Mentoring…I talked about this in my last post but some cool stuff has happened since then, so bear with me…
I was hit (happily) with the realization that mentoring occurs on at two levels.
The one that we most often think about is where, as more seasoned professionals, we offer advice and counsel to younger professionals who are at a transitional point in their own careers.
As co-chair of the PRSA College of Fellows’ Mentoring Committee, I recently helped organize a series of mentoring sessions at PRSA’s International Conference. Nearly a dozen Fellows met with close to two dozen other PRSA members who wanted someone with whom they could do a “reality check”…“Am I on the right path?…What steps do I take to move forward?”
Based on the feedback we’ve received, the effort was successful. The mentees came away feeling grateful to have had a chance to “test drive” their own thoughts and ideas about their respective career paths. The mentors appreciated having had the opportunity to pay back the support they, themselves, have gotten over the years from others.
But then I got back to Curry College, where I oversee the Communication Department’s Public Relations Concentration and serve as faculty adviser to the Curry College Public Relations Student Association (CCPRSA).
Almost immediately, I experienced three different examples of the second, equally important, level of mentoring…the chance to help young future professionals get started on their own career paths. They come to us…their professors, advisors, friends…with their own questions… “Is this the right set of courses to take?…What kind of internship should I apply for?”
So…what happened that caused me to have the mentoring revelation?
First, I went with a few members of the CCPRSA Executive Board to the PRSA Boston Annual Meeting. They’re all sophomores…COM major; PR Concentration. The concept of public relations as a career path is new to them, and they’re still trying to come to grips with what PR really is.
In the course of a few lightning-fast hours, they shook hands and chatted with the chief communications officer for General Electric, the chair of the board of directors of PRSA (who is also senior vice president at a major PR firm in the Boston area), the former director of marketing and communications for a major law firm in Boston, and countless other PR pros from agencies, corporations, and nonprofit organizations. In short…a networking orgy.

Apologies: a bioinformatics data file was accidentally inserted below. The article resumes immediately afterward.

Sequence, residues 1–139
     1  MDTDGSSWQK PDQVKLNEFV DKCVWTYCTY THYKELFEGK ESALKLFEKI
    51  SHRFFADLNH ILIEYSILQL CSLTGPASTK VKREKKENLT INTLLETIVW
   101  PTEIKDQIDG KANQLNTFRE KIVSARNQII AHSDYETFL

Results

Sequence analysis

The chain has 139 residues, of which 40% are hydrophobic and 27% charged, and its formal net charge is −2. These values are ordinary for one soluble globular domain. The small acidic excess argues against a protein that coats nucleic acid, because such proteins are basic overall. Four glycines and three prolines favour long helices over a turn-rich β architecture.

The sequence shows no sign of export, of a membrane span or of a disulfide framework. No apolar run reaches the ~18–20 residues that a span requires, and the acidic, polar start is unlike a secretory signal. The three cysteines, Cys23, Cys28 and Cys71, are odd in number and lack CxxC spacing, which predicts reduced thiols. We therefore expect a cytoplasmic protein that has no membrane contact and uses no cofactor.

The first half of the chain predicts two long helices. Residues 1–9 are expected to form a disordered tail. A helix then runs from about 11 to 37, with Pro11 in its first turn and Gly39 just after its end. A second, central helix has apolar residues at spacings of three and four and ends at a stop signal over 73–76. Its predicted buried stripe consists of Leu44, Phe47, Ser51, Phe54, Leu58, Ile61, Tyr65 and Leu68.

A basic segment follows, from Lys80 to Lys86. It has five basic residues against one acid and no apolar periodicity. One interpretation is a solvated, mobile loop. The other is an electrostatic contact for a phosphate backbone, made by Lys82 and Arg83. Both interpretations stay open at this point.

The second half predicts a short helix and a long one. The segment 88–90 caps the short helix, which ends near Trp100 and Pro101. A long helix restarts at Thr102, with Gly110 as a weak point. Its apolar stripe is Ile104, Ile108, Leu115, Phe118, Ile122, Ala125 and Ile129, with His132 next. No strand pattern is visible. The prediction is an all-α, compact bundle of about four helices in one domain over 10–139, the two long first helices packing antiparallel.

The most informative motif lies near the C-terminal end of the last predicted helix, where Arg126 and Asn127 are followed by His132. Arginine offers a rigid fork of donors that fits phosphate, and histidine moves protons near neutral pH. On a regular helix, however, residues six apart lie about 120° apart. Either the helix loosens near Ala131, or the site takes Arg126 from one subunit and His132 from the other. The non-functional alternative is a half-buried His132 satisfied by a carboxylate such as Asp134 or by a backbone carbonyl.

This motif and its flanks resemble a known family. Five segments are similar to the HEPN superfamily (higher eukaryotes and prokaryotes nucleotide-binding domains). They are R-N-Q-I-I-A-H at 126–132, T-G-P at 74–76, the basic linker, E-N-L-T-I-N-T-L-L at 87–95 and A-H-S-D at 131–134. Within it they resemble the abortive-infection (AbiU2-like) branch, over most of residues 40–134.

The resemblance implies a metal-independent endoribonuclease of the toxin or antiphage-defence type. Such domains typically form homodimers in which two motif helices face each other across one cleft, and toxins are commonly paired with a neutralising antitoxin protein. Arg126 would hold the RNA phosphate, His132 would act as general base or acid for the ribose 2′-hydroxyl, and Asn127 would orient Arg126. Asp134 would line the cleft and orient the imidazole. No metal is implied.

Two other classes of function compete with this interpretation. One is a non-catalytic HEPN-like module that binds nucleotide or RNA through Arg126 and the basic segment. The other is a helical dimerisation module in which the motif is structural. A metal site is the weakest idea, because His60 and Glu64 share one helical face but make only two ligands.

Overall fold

Then, during the meeting, I got a text message from another CCPRSA E-Board member (a senior) apologizing for not having made it to the meeting as planned. She was at her PR firm internship and was offered the opportunity to assist with some after-hours client-related activities. In addition she had gotten a hit from some media outreach she had done and was setting up a client interview. I honestly could see the gleam of excitement in her eyes in the message!!
THEN…the very next day…I had a chat and coffee with a Curry COM/PR alumna who, since graduating just a few short years ago, has firmly established herself in the event planning arena. Every job that she has had since graduation has moved her up the path to success. Our conversation started with her immediately saying, with one of the happiest looks I have ever seen on anyone’s face, “I LOVE my job!” As I like to say so often, “’nuff said.”
And these examples, my friends, are “why we do what we do” as mentors. It’s not for personal gain. There is no expectation of a “payback” in the future. With a tip of the hat as always to Nike®, we just do it.
There IS a “reward,” though. The reward is the look on the face and in the eyes of each one of our mentees when he or she realizes that a particular career field (PR or whatever) is “home,” and the knowledge that we have helped in some way to reach that realization.